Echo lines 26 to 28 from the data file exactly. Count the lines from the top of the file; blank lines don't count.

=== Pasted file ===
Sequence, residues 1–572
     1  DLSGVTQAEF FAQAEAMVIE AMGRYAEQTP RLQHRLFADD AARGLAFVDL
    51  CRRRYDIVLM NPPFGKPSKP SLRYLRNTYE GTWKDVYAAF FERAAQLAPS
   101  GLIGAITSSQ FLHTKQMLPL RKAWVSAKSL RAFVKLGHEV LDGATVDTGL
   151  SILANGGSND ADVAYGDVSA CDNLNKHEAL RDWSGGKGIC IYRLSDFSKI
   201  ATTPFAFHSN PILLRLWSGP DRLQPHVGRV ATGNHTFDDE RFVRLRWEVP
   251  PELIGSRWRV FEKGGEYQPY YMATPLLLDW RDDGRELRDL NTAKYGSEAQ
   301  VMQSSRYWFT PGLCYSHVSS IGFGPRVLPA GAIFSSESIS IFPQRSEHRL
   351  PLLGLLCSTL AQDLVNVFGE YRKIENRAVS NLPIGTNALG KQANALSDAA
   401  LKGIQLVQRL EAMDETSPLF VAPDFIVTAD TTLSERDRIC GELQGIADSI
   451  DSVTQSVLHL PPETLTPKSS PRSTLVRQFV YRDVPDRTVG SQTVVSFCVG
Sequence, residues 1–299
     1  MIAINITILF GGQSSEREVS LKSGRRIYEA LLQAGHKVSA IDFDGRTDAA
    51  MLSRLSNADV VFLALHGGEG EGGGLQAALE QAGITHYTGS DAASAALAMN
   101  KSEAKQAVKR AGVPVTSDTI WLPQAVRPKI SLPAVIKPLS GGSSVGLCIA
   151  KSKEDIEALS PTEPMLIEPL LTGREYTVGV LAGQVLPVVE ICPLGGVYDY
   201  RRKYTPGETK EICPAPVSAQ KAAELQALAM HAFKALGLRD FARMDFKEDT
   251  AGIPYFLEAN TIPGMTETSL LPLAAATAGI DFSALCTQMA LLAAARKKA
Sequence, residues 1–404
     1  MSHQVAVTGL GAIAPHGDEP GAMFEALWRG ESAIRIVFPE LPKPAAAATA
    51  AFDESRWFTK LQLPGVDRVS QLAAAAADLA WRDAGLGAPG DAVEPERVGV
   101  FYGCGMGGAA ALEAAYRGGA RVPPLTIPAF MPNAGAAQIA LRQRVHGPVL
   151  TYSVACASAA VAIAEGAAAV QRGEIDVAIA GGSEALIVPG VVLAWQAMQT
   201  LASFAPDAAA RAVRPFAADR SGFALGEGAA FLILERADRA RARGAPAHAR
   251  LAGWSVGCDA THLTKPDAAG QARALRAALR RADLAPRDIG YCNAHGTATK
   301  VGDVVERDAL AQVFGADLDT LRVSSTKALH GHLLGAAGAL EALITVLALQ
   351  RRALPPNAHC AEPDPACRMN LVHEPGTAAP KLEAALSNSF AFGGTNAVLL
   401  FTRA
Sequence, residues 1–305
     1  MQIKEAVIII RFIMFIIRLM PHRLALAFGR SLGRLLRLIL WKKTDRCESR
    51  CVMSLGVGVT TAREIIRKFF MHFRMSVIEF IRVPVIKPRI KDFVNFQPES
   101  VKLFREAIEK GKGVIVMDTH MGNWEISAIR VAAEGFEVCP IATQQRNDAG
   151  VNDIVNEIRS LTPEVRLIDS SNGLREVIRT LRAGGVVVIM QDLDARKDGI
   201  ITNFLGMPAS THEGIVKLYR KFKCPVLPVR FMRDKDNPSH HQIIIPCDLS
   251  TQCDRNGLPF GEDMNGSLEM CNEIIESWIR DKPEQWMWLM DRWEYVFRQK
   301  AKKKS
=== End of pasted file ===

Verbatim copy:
   301  VGDVVERDAL AQVFGADLDT LRVSSTKALH GHLLGAAGAL EALITVLALQ
   351  RRALPPNAHC AEPDPACRMN LVHEPGTAAP KLEAALSNSF AFGGTNAVLL
   401  FTRA